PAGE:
In a classroom in a private school in Islamabad, Pakistan’s capital city, a group of fifth graders doing their history lessons are adamant when asked a question about conflict.
“Pakistan has fought three wars - in 1948, in 1965 and in 1971, all against India,” said Muhammad Asif, aged 10, standing sternly to attention as he responds. Like his classmates, he looks puzzled when asked if the country could still be engaged in a war.
But the figures for deaths as a result of conflict across the country say something quite different: according to the New Delhi-based South Asia Terrorism Portal which monitors militancy in the region, 5,379 people lost their lives in terrorist-related incidents in 2013. The majority, 3,001, were civilians.
The number has escalated sharply since 2005, and reached a peak in 2009 when 11,704 people were killed - mainly during a military operation against militants in the Swat Valley in Khyber Pakhtunkhwa Province. The violence continues to be widespread - even considered normal - with 460 killed already this year.
“For people like us, the ongoing violence, the terrorist attacks and then the military reprisals are a disaster,” said Saifullah Khan, a resident of Wana, the main town of South Waziristan, one of seven tribal agencies along the Pakistan-Afghan border. “We live in constant fear, people have lost jobs because businesses have shut down, and so many people I know have moved away permanently.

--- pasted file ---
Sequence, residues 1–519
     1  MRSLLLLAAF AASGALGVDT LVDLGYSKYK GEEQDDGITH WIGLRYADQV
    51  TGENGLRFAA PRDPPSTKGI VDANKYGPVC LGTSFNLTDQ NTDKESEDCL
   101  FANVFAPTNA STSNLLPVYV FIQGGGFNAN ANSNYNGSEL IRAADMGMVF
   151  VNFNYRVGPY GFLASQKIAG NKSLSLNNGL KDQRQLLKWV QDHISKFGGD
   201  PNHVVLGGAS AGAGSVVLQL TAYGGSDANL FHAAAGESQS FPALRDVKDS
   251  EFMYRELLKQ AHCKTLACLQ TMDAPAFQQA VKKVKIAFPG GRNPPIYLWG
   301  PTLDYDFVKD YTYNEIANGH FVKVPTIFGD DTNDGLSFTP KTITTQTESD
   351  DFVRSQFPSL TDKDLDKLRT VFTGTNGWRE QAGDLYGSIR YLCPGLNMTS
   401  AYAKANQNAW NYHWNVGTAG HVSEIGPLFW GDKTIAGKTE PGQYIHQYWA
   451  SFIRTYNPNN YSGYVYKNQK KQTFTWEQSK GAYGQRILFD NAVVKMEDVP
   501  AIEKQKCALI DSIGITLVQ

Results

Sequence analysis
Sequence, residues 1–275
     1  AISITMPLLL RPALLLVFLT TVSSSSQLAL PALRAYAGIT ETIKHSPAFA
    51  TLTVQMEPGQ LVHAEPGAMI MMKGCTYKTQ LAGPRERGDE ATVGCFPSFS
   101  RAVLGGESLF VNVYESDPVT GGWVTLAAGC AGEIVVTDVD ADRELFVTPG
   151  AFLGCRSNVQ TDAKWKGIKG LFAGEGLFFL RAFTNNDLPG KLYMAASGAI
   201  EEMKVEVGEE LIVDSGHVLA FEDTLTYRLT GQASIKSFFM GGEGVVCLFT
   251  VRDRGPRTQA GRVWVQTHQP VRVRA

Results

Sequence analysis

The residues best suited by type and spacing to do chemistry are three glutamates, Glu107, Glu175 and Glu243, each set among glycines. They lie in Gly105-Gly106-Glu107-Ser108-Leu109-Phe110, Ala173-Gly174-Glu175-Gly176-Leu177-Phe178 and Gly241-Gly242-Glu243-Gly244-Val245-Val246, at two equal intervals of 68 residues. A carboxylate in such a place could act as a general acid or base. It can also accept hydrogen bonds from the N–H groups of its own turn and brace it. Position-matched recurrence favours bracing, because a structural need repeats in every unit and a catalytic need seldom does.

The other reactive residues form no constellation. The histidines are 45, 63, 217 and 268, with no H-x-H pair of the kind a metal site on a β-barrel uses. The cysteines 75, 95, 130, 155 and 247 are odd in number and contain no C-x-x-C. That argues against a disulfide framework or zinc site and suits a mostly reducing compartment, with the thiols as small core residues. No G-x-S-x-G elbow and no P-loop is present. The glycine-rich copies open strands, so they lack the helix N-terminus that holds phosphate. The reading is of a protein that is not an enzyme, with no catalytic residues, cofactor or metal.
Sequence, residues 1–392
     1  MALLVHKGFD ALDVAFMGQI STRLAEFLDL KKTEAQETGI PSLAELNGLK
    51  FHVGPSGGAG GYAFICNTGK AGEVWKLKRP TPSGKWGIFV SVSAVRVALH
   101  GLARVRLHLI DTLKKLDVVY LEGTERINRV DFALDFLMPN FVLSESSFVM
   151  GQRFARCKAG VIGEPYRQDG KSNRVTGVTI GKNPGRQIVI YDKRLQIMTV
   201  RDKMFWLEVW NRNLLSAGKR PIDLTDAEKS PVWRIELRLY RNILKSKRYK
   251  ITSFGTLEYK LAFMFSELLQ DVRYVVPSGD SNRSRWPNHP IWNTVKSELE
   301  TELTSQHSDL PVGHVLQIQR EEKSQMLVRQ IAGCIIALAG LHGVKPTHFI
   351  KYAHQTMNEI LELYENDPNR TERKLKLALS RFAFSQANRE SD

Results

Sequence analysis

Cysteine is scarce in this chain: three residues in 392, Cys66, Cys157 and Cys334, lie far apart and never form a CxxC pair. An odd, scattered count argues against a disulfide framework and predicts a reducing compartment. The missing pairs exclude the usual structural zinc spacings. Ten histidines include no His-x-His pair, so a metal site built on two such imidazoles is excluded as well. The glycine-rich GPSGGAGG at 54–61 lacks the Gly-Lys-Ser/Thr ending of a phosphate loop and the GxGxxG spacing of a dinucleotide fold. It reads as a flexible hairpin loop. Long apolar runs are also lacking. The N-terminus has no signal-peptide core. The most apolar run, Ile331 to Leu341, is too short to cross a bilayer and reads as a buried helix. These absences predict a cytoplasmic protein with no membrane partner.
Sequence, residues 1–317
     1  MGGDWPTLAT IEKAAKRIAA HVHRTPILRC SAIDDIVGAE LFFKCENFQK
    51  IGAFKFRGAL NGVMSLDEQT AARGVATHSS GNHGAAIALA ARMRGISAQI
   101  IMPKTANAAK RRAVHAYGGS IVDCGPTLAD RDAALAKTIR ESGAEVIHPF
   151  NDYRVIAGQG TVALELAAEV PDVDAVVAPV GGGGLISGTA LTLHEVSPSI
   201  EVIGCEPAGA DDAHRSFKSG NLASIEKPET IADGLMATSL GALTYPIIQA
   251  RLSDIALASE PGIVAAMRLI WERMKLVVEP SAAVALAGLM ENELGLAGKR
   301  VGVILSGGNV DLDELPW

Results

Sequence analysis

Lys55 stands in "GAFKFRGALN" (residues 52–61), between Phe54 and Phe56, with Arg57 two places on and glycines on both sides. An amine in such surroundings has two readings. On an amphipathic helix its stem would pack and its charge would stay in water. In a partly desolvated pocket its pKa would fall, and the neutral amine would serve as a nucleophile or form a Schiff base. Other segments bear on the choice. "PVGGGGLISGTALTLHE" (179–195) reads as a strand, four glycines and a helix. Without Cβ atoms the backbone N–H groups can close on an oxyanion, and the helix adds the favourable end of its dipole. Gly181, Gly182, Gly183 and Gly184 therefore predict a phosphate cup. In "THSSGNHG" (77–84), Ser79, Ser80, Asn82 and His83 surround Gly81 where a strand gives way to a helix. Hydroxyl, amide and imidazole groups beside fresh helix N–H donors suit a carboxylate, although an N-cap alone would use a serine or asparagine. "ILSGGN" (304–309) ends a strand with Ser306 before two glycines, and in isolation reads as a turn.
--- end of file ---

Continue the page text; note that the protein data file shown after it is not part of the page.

“Of course there is a war here. People die in bomb attacks, families have been destroyed and children know only of guns,” he told IRIN. He also spoke of farmers, whose lands had been destroyed, leaving them with no means to earn a living.
While the conflict against the Taliban is possibly the best known issue involving violence in Pakistan, there are many other pieces making up a larger and more complex picture.
According to a 2014 report by the Washington-based US Institute of Peace Studies, “during the past decade violence has become endemic across many parts of Pakistan.”